Sunday, March 25, 2007

Archived Articles

Caldwell reels in readers with new books and old bestsellers

Four siblings reunite with lost father through journals:Diaries hold more than memories for WWI soldier's four children

Blind 92-year-old launches travel book series: Seeing the world past the words

Wine -- women -- and writing: This wanderlust author refuses to settle

Pioneering vet tells story of a very full lifetime

The Call of Women in the North: Author Toni Graeme records their voices

Turn-of-the-century Japanese author is celebrated for the 100th anniversary of sharing his dream

Humane author explores second chances for incarcerated souls through writing

Lost and found: author tells of discovering her father's true identity shortly before losing him

Life lessons: Octogenarian author taps into ageless knowledge, love, and the miracle of life

More than one lifetime achievement is realized by a long time celebrated author

Author and WWII veteran asks "would you like to spend 1400 days with me?"

A senior pool of authors are plugging into a new wave of publishing

A Time of War: Veterans write about their trials of love, allegiance and anguish overseas

Creative Magic

Late Bloomers

Rubicon Chapbook Press


PATH project

Tent City: The Right To Sleep

The Practice of Yoga: The Benefits of Turning Ourselves Inwards for Healing

By Andrea McKenzie

The moment we wake up each morning, we start giving ourselves away in little pieces – we make breakfast for our family, try to maintain patience and understanding in traffic, perform our duties at work, return home to cater to our domestic lives, make time for social engagements, sleep and then wake up to a similar routine the next day. At what time do we have the luxury to focus on our own emotional and physical needs?

Yoga is a practice that reminds the body, mind and spirit of its intrinsic needs to stay healthy, fit and focused. In Yoga, we learn how to calm our chaotic minds and purge the clutter of daily demands. Yoga encourages slow, intentional movements to focus on all parts of the body and honour our thoughts and inner selves. All too often, we spread ourselves so thin that we don’t pay attention to our own needs.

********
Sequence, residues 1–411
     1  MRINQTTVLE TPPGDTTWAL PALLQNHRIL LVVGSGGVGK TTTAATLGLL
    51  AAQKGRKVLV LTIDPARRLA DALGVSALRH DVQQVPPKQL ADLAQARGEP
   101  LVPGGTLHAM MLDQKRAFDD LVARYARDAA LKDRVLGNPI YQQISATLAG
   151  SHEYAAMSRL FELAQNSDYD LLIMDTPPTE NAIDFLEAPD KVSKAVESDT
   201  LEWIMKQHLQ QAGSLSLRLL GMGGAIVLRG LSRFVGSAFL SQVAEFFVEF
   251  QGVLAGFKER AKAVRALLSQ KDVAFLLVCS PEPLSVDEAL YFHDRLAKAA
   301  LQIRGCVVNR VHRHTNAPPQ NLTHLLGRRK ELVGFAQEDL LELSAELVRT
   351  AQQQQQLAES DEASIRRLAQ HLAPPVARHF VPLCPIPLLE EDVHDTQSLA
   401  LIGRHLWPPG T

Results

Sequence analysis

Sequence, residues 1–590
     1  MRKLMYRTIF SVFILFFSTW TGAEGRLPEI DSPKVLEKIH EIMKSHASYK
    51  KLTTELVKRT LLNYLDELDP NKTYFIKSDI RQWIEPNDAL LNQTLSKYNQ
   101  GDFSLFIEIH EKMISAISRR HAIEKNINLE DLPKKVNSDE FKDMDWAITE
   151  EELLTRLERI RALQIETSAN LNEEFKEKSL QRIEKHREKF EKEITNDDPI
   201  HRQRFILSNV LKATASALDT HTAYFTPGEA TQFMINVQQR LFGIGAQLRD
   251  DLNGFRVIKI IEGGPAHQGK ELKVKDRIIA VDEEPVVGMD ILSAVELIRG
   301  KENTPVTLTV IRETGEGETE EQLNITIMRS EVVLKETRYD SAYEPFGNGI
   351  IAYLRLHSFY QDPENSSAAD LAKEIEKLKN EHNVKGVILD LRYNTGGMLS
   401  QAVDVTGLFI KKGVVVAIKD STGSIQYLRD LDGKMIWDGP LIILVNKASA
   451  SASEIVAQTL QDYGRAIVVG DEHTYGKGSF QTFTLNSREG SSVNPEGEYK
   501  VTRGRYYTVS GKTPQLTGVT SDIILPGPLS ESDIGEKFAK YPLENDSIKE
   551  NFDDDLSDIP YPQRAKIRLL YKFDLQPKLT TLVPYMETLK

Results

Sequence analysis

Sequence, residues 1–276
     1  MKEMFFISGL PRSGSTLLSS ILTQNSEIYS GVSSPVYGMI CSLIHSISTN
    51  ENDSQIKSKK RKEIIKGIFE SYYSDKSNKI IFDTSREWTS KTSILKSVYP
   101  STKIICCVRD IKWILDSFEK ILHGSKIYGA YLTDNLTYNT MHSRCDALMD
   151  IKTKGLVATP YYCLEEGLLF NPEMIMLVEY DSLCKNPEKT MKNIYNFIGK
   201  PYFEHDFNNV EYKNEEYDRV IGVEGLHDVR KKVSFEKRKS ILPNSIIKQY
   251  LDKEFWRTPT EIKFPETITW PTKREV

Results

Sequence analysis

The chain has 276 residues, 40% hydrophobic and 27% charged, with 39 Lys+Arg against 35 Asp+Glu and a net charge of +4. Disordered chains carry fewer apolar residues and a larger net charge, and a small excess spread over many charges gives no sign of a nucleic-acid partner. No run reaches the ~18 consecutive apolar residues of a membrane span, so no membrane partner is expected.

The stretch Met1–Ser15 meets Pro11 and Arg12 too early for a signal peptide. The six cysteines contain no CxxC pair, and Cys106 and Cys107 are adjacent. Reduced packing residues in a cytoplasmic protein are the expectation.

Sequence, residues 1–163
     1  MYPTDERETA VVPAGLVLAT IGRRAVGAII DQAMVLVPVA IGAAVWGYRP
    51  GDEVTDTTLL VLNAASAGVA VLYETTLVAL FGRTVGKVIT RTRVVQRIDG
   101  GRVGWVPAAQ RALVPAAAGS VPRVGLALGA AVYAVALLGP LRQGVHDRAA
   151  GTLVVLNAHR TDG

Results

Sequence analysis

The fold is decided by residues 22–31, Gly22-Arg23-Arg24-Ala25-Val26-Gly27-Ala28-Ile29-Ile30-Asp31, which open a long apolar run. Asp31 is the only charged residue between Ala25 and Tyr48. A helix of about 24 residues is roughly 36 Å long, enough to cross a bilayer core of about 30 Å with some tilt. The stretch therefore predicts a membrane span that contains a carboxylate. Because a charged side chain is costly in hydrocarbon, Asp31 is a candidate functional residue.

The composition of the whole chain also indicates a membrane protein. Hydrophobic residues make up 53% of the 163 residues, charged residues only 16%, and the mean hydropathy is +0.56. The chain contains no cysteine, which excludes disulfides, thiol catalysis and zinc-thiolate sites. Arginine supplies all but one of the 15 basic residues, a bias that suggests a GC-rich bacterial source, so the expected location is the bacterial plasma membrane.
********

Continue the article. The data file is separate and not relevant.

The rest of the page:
There are various types of Yoga (yoga meaning union – between body, breath and mind) that lead to the same place, getting to that place of union through different paths. These types are: Mantra Yoga – Yoga of sacred sounds; Jnana Yoga – Yoga of self knowledge; Karma Yoga – Yoga of skillful action or selfless service; Bhakti Yoga – Yoga of devotional love; Raja Yoga – Yoga with an emphasis on meditation; and Hatha Yoga – Yoga focusing on the physical body through postures or Asanas, a physical practice of the postures meaning seat, and breathing techniques.

Twice a week, Tracy Boyd opens her doors to those wishing to practice Yoga at Island Yoga in the Fernwood district of Victoria, British Columbia. For three years, she has been running her Hatha flow Yoga practice for a mixture of beginner and intermediate classes. The classes at Island Yoga focus on allowing students to go inside the body and essentially ‘birth’ the posture from the inside out, gently creating curiosity within the body about its own limits and potential. Each posture energizes a different aspect of health in the body – depression, anxiety, muscle and joint pain, flexibility, fatigue, muscle stiffness, and digestion.

“It is true that we are our best teacher. To become an active, willing participant in our wellbeing and even our healing, we need to know and bear witness to ourselves,” said Boyd. “For me, the best way I have experienced this is to be quiet and listen to the guidance my body provides me.”

Boyd began practicing Yoga in 1999 due to a long-standing interest, and then out of necessity when she developed an intimate relationship with anxiety. She is now trained in the classical Ashtanga eight-limbed tradition and Hatha Yoga systems, as taught by Baba Hari Dass.